Nor did the authority find any evidence of collusion among the major generators. Market shares were not constant, there was no reduction in trading activity and firms were competing on both volume and price.

Generators with low-efficiency plant also made gas available to other generators, increasing the effective capacity available and putting downward pressure on price.

One of the four major generators made a loss during the investigation period. Of two that made profits, one booked losses in almost half the trading periods, while the other lost money on its hedge book.

“If tacit collusion were occurring, we would expect the alleged collaborators to be making a profit,” the EA said.

The authority is still looking at whether all firms met their disclosure requirements during the spikes.

But it found no evidence that plant operators had used the timing of plant outage announcements to trade in the ASX in any systemic way.

Nor did it believe there was any material advantage gained by the greater knowledge some parties had of the timing and scale of the Pohokura outage.

It noted that as early as July, Shell had indicated there would be further disruption to supplies from Pohokura later in the year.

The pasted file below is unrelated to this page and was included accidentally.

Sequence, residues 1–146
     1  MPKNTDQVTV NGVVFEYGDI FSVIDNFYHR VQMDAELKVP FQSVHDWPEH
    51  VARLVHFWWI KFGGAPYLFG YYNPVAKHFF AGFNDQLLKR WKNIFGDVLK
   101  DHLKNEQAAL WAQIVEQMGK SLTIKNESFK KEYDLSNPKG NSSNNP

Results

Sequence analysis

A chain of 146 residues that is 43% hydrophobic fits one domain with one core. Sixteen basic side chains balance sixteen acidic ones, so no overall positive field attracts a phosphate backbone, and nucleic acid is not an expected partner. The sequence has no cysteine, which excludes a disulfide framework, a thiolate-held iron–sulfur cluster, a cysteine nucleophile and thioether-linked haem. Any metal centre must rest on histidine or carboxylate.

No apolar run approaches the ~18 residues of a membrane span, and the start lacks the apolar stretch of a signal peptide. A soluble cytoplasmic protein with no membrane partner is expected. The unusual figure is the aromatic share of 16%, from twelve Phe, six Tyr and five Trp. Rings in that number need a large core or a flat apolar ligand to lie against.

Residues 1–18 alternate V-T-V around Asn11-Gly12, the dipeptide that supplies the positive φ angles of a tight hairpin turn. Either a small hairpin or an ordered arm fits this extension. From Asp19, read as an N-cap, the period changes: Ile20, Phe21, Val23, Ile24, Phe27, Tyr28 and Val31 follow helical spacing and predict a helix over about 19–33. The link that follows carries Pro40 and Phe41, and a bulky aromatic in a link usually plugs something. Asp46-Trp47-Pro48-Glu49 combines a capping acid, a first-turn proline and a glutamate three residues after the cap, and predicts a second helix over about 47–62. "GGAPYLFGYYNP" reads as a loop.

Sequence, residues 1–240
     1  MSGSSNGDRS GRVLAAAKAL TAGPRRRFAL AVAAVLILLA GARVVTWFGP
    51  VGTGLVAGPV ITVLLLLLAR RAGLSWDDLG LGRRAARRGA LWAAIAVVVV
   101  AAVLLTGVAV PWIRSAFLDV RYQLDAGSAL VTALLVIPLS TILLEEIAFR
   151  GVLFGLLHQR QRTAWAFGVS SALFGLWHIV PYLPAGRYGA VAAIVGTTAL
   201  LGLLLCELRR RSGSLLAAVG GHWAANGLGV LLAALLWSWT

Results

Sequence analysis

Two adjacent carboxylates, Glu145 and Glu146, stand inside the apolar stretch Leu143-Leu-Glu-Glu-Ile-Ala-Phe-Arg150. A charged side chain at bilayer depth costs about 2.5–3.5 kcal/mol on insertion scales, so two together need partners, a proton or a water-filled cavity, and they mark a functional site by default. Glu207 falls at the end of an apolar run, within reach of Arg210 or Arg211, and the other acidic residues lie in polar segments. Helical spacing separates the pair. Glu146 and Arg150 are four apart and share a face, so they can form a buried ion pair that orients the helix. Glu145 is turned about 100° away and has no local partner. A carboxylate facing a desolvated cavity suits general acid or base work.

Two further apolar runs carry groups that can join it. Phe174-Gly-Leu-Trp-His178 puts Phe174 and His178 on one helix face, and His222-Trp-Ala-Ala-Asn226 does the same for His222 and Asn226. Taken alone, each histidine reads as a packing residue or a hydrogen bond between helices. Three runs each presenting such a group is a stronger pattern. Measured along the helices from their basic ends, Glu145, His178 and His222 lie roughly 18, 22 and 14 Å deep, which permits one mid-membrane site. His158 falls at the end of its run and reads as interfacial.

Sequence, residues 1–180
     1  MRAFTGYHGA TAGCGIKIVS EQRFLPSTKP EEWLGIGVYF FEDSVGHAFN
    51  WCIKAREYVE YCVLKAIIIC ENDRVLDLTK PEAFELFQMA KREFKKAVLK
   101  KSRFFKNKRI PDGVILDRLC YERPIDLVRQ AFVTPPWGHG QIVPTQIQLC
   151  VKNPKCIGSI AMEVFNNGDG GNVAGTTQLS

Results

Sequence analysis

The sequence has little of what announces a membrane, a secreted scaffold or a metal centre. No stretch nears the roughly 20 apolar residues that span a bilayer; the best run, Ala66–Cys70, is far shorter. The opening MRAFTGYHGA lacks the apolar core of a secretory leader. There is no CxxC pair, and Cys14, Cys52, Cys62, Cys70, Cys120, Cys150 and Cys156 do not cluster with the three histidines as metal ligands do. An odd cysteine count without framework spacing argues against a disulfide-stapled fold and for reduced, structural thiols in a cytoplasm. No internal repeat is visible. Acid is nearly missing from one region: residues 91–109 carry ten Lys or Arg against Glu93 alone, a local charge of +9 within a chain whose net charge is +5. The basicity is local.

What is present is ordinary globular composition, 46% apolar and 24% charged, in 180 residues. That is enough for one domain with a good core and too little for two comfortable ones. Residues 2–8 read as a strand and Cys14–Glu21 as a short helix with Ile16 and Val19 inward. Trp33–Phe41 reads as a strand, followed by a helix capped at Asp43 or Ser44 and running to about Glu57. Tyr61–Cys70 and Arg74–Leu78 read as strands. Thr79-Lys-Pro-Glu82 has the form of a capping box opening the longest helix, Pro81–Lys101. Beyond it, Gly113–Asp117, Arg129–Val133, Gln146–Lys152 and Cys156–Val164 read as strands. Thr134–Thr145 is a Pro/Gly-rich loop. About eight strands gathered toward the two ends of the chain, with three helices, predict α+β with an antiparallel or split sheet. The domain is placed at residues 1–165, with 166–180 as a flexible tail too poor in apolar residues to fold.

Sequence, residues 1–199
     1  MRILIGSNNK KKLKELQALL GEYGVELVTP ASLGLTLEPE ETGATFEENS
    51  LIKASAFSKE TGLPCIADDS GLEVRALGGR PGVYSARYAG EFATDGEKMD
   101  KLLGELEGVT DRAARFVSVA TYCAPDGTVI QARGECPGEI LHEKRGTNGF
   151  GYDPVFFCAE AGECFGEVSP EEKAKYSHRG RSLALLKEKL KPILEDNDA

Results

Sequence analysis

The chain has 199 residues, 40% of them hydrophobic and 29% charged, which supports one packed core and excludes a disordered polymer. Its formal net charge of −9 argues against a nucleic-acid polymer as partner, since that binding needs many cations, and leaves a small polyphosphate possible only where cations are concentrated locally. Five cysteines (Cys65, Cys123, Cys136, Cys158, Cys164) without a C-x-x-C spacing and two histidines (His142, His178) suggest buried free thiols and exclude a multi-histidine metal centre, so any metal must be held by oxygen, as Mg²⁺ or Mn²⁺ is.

Supplies dropped on Sept. 14, and the three generators with contracts from the field were told that that could last several days.

Genesis was then informed on Sept. 20 that the outage could last 53 days. On Sept. 28, Shell made a public statement that a valve on the offshore platform needed replacing.

“From this point onwards it was clear there was a major problem, the duration of which was open ended. The only unanswered question was how long the outage would last,” the EA says.

Shell said on Oct. 12 that the work could take until the end of November to complete.

The EA said that, of the four major generators, only Genesis had a significant position in hedge markets for that period. It had been building those to help cover its E3p shutdown.

In the 10 days prior to Shell’s Sept. 28 announcement, Genesis undertook a “rapid accumulation” of October month hedges.

The company said it was reacting to the signalled gas shortages, falling hydro storage at its Tekapo hydro operation on the South Island, and forecast dry weather.

The EA noted that futures contracts at the time were cheaper than coal for the company’s Rankine units at Huntly. It also noted that the Genesis ASX trading team did not have the information on the Pohokura outage that its fuel procurement arm did.

While Genesis had “significantly altered” its hedge position at a time when it had better information than was publicly available, that information was still uncertain and not that much better than other parties had.

“Importantly, Genesis had a legitimate commercial reason for purchasing October contracts,” the EA says.

“Based on the information available to us, it is not clear that Genesis would have acted any differently if it only had access to publicly available information – ie if there were no information asymmetry.”